The Scottish Government’s fracking ban is facing a legal challenge from petrochemical giant Ineos.

The Grangemouth owner said it would seek a judicial review of the “unlawful” ban, arguing there were “very serious errors” in the decision-making process.

A moratorium on the controversial gas extraction technique had been in place in Scotland since 2015 and in October last year energy minister Paul Wheelhouse announced that planning regulations would be used to ”effectively ban” it by extending the moratorium ”indefinitely”.

At the time, he said 99% of respondents to a public consultation backed the ban and government-commissioned research ”does not provide a strong enough basis from which to address these communities’ concerns”.

Tom Pickering, operations director at Ineos Shale, said: “The decision in October was a major blow to Scottish science and its engineering industry, as well as being financially costly to Ineos, other businesses and, indeed, the nation as a whole.

“We have serious concerns about the legitimacy of the ban and have therefore applied to the court to ask that it review the competency of the decision to introduce it.”

Ineos Shale has lodged a petition for judicial review alongside co-venture partner Reach at the Court of Session, Scotland’s highest civil court, arguing there was a “failure to adhere to proper statutory process and a misuse of ministerial power”.

The company said the ban on unconventional oil and gas extraction would result in Scotland missing out on economic benefits, including about 3,100 Scottish jobs and £1 billion for local communities.

Spring weather May 3rd 2017Ineos Grangemouth refinery (Andrew Milligan/PA)

Ineos Shale said millions that had been invested in acquiring licences and obtaining planning permission for drilling sites had been “rendered worthless” by the ban.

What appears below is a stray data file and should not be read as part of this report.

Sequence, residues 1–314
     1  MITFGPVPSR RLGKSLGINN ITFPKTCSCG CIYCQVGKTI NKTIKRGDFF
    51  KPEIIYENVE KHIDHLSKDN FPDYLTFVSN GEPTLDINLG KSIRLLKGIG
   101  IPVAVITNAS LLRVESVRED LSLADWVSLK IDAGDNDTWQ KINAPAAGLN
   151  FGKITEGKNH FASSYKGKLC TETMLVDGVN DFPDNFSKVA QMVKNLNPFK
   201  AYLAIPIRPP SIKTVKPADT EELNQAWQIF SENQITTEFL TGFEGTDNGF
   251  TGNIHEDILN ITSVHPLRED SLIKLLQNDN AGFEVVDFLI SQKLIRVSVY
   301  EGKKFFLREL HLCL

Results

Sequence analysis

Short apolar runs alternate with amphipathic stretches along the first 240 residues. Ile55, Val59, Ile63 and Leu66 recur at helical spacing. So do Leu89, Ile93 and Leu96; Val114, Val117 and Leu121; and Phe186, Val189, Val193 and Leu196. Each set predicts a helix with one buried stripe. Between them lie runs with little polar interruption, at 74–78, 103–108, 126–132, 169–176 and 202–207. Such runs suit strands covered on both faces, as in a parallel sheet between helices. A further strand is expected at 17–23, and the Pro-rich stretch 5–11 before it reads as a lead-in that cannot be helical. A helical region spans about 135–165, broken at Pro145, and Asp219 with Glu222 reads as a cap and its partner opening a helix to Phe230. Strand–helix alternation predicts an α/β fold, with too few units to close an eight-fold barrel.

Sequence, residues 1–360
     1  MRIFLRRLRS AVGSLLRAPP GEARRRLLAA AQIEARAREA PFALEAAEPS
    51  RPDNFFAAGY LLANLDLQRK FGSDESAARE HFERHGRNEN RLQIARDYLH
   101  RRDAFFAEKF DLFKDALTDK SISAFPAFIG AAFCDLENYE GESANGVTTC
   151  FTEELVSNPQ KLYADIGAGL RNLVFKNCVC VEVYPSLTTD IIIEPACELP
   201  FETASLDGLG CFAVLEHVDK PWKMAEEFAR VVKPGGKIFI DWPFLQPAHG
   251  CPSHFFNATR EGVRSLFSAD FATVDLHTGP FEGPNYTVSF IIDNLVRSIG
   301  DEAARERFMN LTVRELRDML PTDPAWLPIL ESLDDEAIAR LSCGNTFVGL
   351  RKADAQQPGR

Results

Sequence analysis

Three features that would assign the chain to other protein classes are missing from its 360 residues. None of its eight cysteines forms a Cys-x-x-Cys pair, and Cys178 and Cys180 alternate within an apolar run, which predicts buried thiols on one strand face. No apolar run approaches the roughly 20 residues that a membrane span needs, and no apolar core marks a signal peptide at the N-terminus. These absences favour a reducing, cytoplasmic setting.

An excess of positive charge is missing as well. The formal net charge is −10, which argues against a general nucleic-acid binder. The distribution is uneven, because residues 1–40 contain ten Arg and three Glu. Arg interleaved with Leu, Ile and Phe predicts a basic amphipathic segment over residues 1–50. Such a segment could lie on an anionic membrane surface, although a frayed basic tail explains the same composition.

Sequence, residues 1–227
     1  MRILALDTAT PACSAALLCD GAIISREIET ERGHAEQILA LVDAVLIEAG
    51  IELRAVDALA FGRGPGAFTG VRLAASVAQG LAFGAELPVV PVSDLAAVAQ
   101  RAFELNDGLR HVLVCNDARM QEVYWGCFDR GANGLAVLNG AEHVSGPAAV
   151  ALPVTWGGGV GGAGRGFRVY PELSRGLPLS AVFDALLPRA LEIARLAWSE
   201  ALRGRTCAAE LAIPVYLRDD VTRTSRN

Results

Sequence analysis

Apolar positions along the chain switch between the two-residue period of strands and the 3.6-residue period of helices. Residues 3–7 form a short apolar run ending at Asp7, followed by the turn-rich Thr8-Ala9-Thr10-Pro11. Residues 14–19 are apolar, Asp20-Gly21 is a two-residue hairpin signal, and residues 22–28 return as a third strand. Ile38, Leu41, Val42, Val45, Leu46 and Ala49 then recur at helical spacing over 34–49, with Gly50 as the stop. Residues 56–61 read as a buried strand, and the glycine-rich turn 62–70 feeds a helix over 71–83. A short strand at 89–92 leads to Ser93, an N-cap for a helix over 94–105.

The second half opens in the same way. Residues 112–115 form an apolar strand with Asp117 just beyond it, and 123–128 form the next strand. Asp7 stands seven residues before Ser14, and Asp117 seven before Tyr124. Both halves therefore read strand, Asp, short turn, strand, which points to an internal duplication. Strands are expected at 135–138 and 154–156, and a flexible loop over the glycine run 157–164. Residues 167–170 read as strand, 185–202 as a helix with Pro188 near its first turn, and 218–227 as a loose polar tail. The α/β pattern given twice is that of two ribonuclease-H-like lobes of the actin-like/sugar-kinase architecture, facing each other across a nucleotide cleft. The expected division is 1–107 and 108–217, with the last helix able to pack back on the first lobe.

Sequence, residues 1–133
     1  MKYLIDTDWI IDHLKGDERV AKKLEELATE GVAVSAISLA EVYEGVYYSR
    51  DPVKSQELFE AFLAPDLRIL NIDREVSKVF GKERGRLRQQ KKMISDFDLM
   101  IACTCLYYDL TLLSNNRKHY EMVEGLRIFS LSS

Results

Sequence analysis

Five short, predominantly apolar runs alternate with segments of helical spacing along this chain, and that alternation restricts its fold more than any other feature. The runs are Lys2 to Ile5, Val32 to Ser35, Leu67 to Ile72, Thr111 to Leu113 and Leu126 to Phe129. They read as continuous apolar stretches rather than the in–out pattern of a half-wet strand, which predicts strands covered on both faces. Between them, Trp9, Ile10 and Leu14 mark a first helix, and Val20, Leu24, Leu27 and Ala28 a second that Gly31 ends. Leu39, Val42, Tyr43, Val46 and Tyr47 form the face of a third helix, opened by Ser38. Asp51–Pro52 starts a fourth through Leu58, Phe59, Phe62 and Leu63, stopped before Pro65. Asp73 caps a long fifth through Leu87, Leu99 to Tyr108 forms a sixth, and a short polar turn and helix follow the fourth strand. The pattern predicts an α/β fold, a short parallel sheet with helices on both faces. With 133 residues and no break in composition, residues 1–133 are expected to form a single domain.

“This despite the panel of scientific experts appointed by the Scottish Government concluding that shale development is capable of being managed safely,” the company said.

Mr Pickering added: “Natural gas keeps the power on and homes warm in Scotland as with the rest of the UK, and shale has the potential not only to meet these needs but also to have a positive impact on the economy and energy security.

“Ineos, Reach and other operators have invested significantly in unconventional development over the years, against a supportive regulatory and planning backdrop.

“If Scotland wants to continue to be considered as a serious place to do business, then it cannot simply remove the policy support that attracted that investment in the first place without proper procedures being followed and without the offer of appropriate financial compensation.

“In the light of these failings, Ineos has been left with no option other than to raise this legal challenge.”

Green MSP Mark Ruskell said: “This is a predictable and desperate attempt by an industry sinking under public protest in England to try and salvage the last drop of commercial benefit in Scotland.

“Scotland doesn’t want or need fracking and Ineos should accept they lost the democratic debate in the Scottish Parliament, the evidence was there to ban fracking and that is what Holyrood has done.”

Friends of the Earth Scotland also said the move “reeks of desperation” and it was confident the courts would find against Ineos.

But Tory MSP Murdo Fraser said: “The SNP’s decision to ban fracking is rooted in dogma, and ignores the economic benefits it could bring to Scotland.

“Further exploration of shale extraction could also reduce the need for gas imports, and even help relieve fuel poverty.

“The Scottish Government’s own advisers know this, yet still ministers are sticking to this needless and potentially damaging ban.

“This is another day in court for an SNP Government which doesn’t think its policies through.”

Mr Wheelhouse said: “We have taken a careful and considered approach to arriving at our preferred policy on unconventional oil and gas in Scotland.

“The Scottish Government’s position was endorsed by the Scottish Parliament in October, subject to completion of a strategic environmental assessment, and follows detailed assessment of the evidence and consultation with the public.”